Photo by Nathanael Coyne
Q: I have a student entering his final year of secondary education. He has just purchased a 5-string Fender Jazz Bass. He is focusing on two handed tapping for his music subject. My worry… much of the music we have accessed (“Overjoyed”, “Rock and Roll” Bass Solo, etc.) requires between 21 and 24 frets according to the tab. The 21st fret on most basses is the end of the neck. As I am as new to tapping as he is, I am wondering what to do next! Any advice on adapting to suit his bass would be gratefully received.
A: I have students in a similar position. So much of the music played today is on instruments with a 2-octave range (per string) or higher.
There are only really a few options that I can think to recommend:
- Drop some of the line an octave.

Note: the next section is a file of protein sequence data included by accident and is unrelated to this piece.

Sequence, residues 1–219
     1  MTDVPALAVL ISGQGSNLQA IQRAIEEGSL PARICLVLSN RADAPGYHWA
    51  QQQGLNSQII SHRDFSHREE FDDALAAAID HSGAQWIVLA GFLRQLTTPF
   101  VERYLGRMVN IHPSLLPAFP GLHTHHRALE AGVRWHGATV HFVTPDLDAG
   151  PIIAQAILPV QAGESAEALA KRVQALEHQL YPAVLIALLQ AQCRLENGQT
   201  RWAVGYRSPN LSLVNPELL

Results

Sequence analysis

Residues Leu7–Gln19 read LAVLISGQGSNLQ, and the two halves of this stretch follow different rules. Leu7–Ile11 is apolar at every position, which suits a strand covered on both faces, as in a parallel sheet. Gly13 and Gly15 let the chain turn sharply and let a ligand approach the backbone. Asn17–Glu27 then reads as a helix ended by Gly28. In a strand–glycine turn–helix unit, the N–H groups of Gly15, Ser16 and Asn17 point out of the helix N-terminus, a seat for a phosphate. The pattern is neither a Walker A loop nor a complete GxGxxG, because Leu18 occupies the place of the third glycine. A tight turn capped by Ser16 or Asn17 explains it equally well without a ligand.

This could be just the part that extends beyond the range of the instrument or an entire fragment of the line, so that the octave shift is more musical and less abrupt.
- Use artificial harmonics to access the higher notes.
I think that this is the “cooler” and potentially more inspiring choice for the player because it really gets them exploring the sonic capacity of the instrument in an interesting way.
You mentioned that this was in a tapping context. You can tap on the string and get the same effect as an artificial harmonic. Example: hold a note with your left hand and tap the string an octave up (quickly, and more like a “doink” where you just peck the string with your right hand). You should hear the fretted note ring out in a higher range than fretted one.
The pitch will also change (just like a harmonic) when you alter where you are pecking the string with the right hand. Same goes for creating artificial harmonics the “normal” way.
Dr. D has a column on artificial harmonics here on No Treble to get you going, if you have any questions about how to make an artificial harmonic on the bass.
And here is a video of Rufus Philpot demonstrating artificial harmonics:
Readers, this is a great place to chime in. How do you tend to deal with playing something that extends the range of your instrument? Please share in the comments.